2. With pricing like this both Windows RT and Windows x86 tablets are going to be DOA. They offer nothing at all over any Android tablet or iPad for that matter. Not to mention with the new gen. of ultrabooks having better performance, battery and similar form factor and a lower price there is no need to purchase the x86 variant of this monstrosity.

    1. “They offer nothing at all over any Android tablet or iPad for that matter.”

      You are aware there’s a fairly big difference between mobile OS, which are limited by design and purpose as they’re mainly intended for little more than content consumption, to desktop OS that are intended for productivity and limited only by the hardware they run on?

      These prices are a bit too high but make no mistake that these products offer more than either Android or iOS.

      It’s just a question of how many people are willing to pay that much more for the difference being offered.

      Like some people are willing to pay more for the Samsung Galaxy Note 10.1 because of the Pen features, which btw is what the Clover Trail Asus Vivo Tab offers too and is larger at 11.6″ but that means the keyboard dock will be easier to type on as well.

      So let’s not exaggerate and suggest there’s no difference but price.

      We can agree though that’s it’s a bit too high for what’s being offered but there’s still a chance these aren’t the final pricings for these products.

  3. If this is true pricing expectation, then RIP Windows. You’re toast. It’s like they’ve been chamber frozen, coming to life and not realizing how much the world has changed. I’m sure MS may have to eat profit and sell their Surface at near Android prices or face extinction.

    1. I doubt it, most companies are still waiting on MS to release Surface prices. This is more likely what happened the last time someone suggested they had pricing and it turned out the company just places random numbers for product place holders in their database and had no idea of the final retail pricing.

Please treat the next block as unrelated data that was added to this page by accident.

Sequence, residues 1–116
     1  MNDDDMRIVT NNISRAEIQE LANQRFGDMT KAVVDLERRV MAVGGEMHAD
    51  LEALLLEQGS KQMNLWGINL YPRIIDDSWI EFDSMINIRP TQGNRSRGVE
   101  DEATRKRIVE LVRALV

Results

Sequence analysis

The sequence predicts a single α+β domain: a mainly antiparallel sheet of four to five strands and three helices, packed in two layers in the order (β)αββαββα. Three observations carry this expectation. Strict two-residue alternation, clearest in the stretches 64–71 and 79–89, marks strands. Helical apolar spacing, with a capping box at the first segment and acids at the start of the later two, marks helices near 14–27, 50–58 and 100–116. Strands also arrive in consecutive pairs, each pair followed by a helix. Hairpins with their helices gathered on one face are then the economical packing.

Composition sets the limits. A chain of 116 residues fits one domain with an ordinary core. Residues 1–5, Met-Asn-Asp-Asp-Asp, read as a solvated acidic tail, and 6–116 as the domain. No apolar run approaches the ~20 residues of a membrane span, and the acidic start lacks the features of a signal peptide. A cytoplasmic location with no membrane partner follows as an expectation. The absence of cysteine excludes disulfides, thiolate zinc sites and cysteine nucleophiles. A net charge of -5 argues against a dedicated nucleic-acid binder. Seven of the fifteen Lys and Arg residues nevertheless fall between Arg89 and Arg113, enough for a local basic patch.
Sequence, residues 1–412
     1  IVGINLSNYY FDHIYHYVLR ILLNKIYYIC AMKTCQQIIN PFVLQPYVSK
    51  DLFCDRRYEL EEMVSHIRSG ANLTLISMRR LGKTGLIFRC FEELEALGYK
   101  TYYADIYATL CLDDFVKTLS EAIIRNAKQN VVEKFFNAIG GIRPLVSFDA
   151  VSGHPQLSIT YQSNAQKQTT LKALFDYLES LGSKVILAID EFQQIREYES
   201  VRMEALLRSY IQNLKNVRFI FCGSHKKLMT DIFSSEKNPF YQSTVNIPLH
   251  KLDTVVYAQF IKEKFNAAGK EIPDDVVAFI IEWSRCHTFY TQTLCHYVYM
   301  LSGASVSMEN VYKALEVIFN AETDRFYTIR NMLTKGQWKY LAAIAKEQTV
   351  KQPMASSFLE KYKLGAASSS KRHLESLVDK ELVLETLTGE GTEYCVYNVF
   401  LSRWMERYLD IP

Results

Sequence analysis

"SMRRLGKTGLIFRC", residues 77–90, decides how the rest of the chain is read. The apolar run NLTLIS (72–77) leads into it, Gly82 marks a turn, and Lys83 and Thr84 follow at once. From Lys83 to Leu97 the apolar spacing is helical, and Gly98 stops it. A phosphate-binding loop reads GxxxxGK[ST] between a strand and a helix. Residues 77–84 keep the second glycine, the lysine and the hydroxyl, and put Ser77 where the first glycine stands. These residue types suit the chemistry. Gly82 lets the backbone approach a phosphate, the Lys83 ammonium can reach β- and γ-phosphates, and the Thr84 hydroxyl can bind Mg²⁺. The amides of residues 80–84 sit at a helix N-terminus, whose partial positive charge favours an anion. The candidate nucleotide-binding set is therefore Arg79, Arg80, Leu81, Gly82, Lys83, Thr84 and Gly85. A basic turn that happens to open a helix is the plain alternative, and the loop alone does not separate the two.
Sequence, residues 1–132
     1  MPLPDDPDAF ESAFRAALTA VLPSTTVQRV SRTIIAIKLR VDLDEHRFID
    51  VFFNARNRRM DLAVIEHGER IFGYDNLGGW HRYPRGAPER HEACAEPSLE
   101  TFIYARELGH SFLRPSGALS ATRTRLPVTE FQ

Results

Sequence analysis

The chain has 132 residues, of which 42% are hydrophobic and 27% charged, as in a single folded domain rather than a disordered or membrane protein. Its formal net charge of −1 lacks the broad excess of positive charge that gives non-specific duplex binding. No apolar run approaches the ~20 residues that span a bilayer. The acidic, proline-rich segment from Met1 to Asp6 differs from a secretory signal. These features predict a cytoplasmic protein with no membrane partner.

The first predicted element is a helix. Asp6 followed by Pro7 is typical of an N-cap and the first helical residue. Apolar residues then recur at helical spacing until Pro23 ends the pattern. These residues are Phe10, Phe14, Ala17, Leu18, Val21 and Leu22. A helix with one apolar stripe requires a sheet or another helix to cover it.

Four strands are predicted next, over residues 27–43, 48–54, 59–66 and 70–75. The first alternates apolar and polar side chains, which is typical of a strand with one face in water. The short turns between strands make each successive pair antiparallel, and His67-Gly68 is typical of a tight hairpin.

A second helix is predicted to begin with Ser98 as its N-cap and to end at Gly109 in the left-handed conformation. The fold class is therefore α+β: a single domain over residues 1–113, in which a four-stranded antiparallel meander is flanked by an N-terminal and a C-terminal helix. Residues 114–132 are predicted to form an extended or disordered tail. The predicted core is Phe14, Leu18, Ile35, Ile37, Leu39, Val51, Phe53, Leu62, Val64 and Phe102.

Suggesting Asus would price higher than Samsung is pretty telling as that like practically never happens.

      While the Tegra 3 model shouldn’t cost more than a $100 more than the Asus Transformer models. Mind that unlike the Infinity that the RT model only has a 1366×768 instead of the full HD screen the Infiniti uses. So this is more likely someone’s worst case estimates.

      Though the Taichi may be actually pricey because that’s a Ultrabook range device.

  4. I have the Asus TF700, also known as the Asus Infinity. The specs look really close to the TF600T, except mine runs Android instead of that new frankenstein version of Windows-on-Arm. When I need to run Windows apps, I remote desktop to my home PC, which runs the traditional x86 version of Windows and all the legacy applications. It works great, and I get access to the crunching power of the I7 processor at home without killing my tablet battery life.
    I find the whole concept of Windows RT to be… useless. There’s absolutely no reason I’d use it instead of Android for a docking tablet.
    Oh, and that double sided display on the Taichi? Really? What is the use-case for that?
    Am I just being too harsh? I don’t feel like I’m being overly critical…

    1. Glad remote desktop works great for you. To me it is useless.

      RT is just microsoft’s ipad/android tablet competitor. I imagine you could remote desktop from RT to your i7 too. RT is simply a different tablet os that some people will love compared to the other mobileos. Just like some people like windows phone over android or iphones. They each have their pros and cons.